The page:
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Hunter College Art Galleries are pleased to announce Robert Morris: Para-architectural projects at Hunter’s Bertha and Karl Leubsdorf Gallery. Robert Morris, who died in November 2018, was an alumnus of Hunter College and a member of the faculty for over 40 years. Hunter’s exhibition focuses on a series of large-scale drawings made by the artist in 1971, many of which were first shown in Morris’s infamous Tate Gallery exhibition of the same year. The Tate’s catalogue describes that exhibition as “a sequence of structures which, although they resemble in their uncompromised simplicity Morris’ earlier sculptures, invite physical participation of the public.” The interaction that Morris encouraged, however, ultimately resulted in visitor injuries as well as damage to the structures, leading to the closure of the exhibition only four days after it opened. In 2009, in collaboration with the artist, the Tate Modern reconceived the 1971 exhibition: this reinstallation, Bodyspacemotionthings, included newly designed versions of the participatory structures, but none of the drawings.
The Para-architectural projects —observations, exercise courts, aqueducts, courts, concourse, etc., as the drawings are titled in the 1971 Tate Gallery catalogue, comprise some twenty very large, ink-on-paper drawings that illustrate a fantasy architectural complex. The exhibition at Hunter brings together a selection of these drawings, including a work from Hunter College’s own collection, Section of a Walled Courtyard¾on view for the very first time. While Hunter’s drawing has not been exhibited previously, several of the other works in this series were included in exhibitions during the mid-to-late 1970s and early 1980s in Europe and the United States. Among these exhibitions is The Drawings of Robert Morris, curated by Thomas Krens at the Williams College Museum of Art in Williamstown, Massachusetts, in 1982.
These drawings also connect to Morris’s Observatory, a large earthwork completed in Arnhem, the Netherlands, as part of the exhibition Sonsbeek 71 in 1971. In the show’s brochure, Morris posits in a short text titled “Observations on the Observatory,” that the “Observatory is different from any art being made today. It has a different social intention and esthetic structure from other art being made at present. I have no term for the work. A kind of ‘para-architectural complex’ would be close but awkward.” He continues that this concept “derives more from Neolithic and Oriental architectural complexes. Enclosures, courts, ways, sightlines, varying grades, etc., assert that the work provides a physical experience for the mobile human body.”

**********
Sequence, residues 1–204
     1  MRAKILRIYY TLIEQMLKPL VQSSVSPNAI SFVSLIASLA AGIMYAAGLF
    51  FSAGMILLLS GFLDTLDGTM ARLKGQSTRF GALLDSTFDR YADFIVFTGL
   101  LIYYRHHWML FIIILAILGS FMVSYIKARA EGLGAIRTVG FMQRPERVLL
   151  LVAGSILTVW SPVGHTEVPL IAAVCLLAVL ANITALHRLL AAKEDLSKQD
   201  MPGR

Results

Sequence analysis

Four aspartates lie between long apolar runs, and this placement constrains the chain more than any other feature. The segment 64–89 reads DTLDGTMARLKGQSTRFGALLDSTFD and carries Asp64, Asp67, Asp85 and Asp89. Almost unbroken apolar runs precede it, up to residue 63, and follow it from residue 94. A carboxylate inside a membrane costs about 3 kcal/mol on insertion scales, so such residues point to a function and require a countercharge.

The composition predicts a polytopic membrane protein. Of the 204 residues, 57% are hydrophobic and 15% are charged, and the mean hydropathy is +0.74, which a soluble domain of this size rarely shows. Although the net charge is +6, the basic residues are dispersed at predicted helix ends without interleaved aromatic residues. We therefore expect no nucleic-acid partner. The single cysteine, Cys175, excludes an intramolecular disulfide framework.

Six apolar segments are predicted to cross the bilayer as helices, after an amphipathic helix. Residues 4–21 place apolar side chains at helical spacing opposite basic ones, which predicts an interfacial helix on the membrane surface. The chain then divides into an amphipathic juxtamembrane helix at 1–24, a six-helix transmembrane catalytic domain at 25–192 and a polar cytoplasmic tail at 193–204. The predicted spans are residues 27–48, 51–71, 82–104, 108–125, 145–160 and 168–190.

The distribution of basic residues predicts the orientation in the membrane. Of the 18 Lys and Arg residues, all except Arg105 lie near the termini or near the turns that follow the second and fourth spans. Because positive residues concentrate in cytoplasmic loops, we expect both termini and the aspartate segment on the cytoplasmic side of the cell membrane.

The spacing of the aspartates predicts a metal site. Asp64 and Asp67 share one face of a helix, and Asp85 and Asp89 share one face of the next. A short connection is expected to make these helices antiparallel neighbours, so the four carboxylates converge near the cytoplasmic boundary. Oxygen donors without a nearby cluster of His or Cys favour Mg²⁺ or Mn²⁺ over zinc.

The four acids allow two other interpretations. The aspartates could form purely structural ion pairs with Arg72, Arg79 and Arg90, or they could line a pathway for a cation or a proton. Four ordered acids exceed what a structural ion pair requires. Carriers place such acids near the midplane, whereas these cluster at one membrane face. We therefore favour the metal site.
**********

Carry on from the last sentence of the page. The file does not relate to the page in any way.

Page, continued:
The drawings presented in Robert Morris: Para-architectural projects connect to Morris’s sustained interest in ancient and primarily Non-Western architectural forms, and to his concerns with presentness as an intimate experience in which physical space and “an ongoing immediate present” are bound. In turn, the exhibition at Hunter offers an entry point to consider what Morris might have meant by the “fantasy complex circles around a secular re-entry to time, place and function.”
Robert Morris: Para-architectural projects is made possible by the generous support of Carol and Arthur Goldberg, The Anna-Maria and Stephen Kellen Foundation, the Joan Lazarus Curatorial Fellowship Program, the Leubsdorf Fund, and Castelli Gallery. We also extend a very special thanks to Barbara Castelli for her invaluable assistance with this exhibition.
Opening Reception: Thursday, October 10, 7-9 PM
Gallery Hours: Wednesday–Sunday, 1–6 pm